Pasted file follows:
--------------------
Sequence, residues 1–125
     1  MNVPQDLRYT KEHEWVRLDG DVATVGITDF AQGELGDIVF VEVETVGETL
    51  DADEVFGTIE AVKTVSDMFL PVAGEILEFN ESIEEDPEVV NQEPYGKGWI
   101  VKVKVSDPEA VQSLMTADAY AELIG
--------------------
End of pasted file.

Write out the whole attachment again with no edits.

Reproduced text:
Sequence, residues 1–125
     1  MNVPQDLRYT KEHEWVRLDG DVATVGITDF AQGELGDIVF VEVETVGETL
    51  DADEVFGTIE AVKTVSDMFL PVAGEILEFN ESIEEDPEVV NQEPYGKGWI
   101  VKVKVSDPEA VQSLMTADAY AELIG